Skipping ahead a bit I assembled the swing arms. Gathered the bits and laid out to ensure I make a right and a left!

The bolts are the largest ones which are the same as for the leg hinges. These all use 5/16 (or metric equivalent?) nylon lock nuts. The bolts stick through the nuts sufficiently.

I tightened them down and the mounting blocks did not move so I backed them off 1/8-1/4 turn just until they spun easily.

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Motor mounts
Assembled the motor mounts. These use the smallest standoffs. Here’s the pattern.

The bolts are basically sitting inside the motor. I applied threadlocker to all the motor mount bolts. If one backs out you’ll probably loose a motor. Also it’s impossible to check/re-torque these. To keep things clean I put a bolt through the plate then applied the threadlocker then spun on a standoff and tightened it. Repeat 4X per mount. Four mounts.

The forward motor mount plates in batch 4 have some extra material removed so it’s much easier to see which way they go. Like this.

Test fitting the motor arm. It fits perfectly.

Motor arms
These use the longest standoffs. The ends where the hoop mounts are different than shown on the video. Figured out it goes together like so.

Note the slight angle formed on the hoop mounts. They should angle inward slightly not outward.

And run into the problem everyone has regarding thread depth in these standoffs. The bolts are 3mm too long.

So I decided to try cutting them down. Nipped the ends of a pair with bolt cutters. Cleaned up the ends with a file and everything came together nicely.


Finishing motor arms.
Second idea. Decided to space the hoop mounts out instead of cutting the bolts.

The bolts fit really tight through these so I drilled them out with a 1/8" bit. Still plenty snug. The bolt heads still fit quite tight into the recesses

Lining up the arm hinges in pairs.

The nuts are metric but a 9/32" wrench worked nice. Tighten, then back out 1/4 turn or so.

An evening’s labour. Getting a blister from the screwdriver handle. :-7

Note that I’ve not added all of the hoop mount blocks. The kit was short on the bolts for them. I’ll have to go by a handful.

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At this stage I coated all moving parts with white lithium grease. This makes them move much smoother, and will prevent wear of the rather soft aluminum and anodization.

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I had the same problem with the kit being short on these longer 45mm M3 bolts. The kit is ALSO short on M3 lock washers which are used when mounting the speed controllers. This was annoying, on both parts. Ordered extras of both from McMaster Car

Center plate.
Applied some hot glue to these sites of the circuit board. The just felt a bit loose, I wanted some strain relief.

Should the kit have two main switches? Mine only had one. There seems to be four corners where the circuit board will bolt down. I choose the lower left corner - or will that be the right corner?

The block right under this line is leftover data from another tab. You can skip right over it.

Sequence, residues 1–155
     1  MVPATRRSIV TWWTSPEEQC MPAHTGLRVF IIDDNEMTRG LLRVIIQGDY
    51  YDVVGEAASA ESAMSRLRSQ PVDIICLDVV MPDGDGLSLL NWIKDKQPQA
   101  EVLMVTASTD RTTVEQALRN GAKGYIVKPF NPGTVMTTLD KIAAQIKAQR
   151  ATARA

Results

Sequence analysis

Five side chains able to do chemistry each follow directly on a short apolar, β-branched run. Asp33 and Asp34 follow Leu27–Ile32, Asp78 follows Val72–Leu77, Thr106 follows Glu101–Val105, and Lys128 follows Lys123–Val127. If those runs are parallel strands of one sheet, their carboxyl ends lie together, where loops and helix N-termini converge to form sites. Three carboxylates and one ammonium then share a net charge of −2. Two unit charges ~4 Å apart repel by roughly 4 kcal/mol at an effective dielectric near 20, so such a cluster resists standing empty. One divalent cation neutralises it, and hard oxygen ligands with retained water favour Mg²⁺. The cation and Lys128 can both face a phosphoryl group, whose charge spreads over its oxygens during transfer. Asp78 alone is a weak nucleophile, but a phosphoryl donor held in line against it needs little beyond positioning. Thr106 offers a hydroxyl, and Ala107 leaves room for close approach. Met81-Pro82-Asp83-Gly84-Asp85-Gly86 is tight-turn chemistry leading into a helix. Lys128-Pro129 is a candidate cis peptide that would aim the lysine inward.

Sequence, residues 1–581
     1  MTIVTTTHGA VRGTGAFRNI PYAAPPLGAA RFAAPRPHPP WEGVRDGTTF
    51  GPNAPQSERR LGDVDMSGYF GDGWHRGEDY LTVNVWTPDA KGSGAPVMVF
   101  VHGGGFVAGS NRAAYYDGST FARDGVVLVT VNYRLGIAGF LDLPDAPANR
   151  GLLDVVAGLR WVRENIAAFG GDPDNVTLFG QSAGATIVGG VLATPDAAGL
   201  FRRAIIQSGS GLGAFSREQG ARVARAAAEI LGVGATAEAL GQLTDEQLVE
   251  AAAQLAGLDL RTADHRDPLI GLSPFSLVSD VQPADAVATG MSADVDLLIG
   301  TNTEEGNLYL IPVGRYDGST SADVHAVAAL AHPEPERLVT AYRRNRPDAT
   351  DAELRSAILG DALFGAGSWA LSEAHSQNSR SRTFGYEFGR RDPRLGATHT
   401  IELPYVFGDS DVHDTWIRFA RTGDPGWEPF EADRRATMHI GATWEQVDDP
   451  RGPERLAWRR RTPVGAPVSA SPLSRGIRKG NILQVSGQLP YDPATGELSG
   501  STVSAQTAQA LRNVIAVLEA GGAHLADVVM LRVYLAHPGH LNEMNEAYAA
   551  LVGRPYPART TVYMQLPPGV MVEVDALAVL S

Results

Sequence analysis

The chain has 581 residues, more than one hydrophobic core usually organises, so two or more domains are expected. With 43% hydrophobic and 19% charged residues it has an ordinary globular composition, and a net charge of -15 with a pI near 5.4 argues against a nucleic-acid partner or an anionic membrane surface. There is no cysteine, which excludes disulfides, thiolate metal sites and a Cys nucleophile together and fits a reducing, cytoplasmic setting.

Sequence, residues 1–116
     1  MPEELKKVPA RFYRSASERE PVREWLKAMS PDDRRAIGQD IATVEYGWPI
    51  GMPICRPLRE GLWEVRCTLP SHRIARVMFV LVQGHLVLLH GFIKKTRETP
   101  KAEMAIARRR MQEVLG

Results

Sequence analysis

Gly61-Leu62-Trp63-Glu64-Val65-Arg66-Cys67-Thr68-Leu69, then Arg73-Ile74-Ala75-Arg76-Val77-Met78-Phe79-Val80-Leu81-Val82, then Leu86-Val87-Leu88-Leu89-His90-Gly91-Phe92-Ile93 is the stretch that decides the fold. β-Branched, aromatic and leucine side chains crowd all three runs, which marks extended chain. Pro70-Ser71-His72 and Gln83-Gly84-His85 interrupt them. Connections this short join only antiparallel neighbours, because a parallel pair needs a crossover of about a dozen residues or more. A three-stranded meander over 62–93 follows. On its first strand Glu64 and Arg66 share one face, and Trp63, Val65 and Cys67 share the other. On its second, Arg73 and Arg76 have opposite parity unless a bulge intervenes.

Time to solder the more to the speed controllers. Solder, check, flux, check 35 Watt iron, check…!

LOL no. That wire is way too heavy for my little iron. This should work better. Torch, flame shielding, needle nosed pliers.

First one. Serviceable I think.

One motor connected. Carefully wiped them off and inspected and tried hard to pull them apart. By the time I got to the last set I was getting fast and the connections were looking better too.

All done. Hooked up two controllers each way. Guessing that’ll give me two spinning in each direction.

You really need to invest in a higher watt iron. You will need that later for the main wires anyway.

Hook each arm up to the controller to check the spin direction because the wires could be crossed before coming out of the motor. Mark the direction of each one. If you need to reverse one just swap any two of the three wires.

Paul didn’t include a second switch with batch 4 because it uses higher volts and lower amps. The switch is rated for 300 amps which is what you will get at full throttle. However, the true problem with the switch is when it gets damaged from arcing. Therefore, I highly recommend a pre-charge switch or button to protect the switch from damage. In addition, I prefer two switches so each only has to handle 150 amps.

Here is a link to the pre-charge switch I designed. Scroll up in the thread to get more details about how it works.

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Hey gliderpilot. I was wondering if the batch 4 kit Incorporated your pre-charge switch. I guess I have my answer. I don’t have a 3d printer. How much do you charge for your switches?

Since I’m still waiting for batteries I did two more flights (#s 9 and 10 ) today on a Blackhawk 125. Did my first reverse launch with a motor. Five mins sniffing two stroke fumes waiting for the right wind.:roll_eyes::smirk::nauseated_face:. Still way worth it though :grin:

Definitely I’m not going to assume the motors will be correct without checking them. Just starting out with the best bet.

If you can’t find someone local you can order prints online. That’s a really small print so my price would only be a dollar. The shipping would be a lot more though. If you have other parts you would like me to print to make it more worth my time I’d be happy to help you out. Feel free to PM me.

Ha. Totally slipped my mind that there are local 3d shops. Thank you. I’ll check into it.
Meanwhile… Testing the ESC wiring.
I still don’t have bonkas but I do have a 40 Volt Ryobi lawn mower battery. Temporarily squashed the battery cables together with controller power to alligator clips. Clipped to the battery and… Nothing. :thinking: Ok touched positive clip to check it and zap snap then lights and bleeps :notes::bulb:. Everything checked out. Two motors spinning each way. :grin:.

Dang I’m taking blurry pics again. :confused: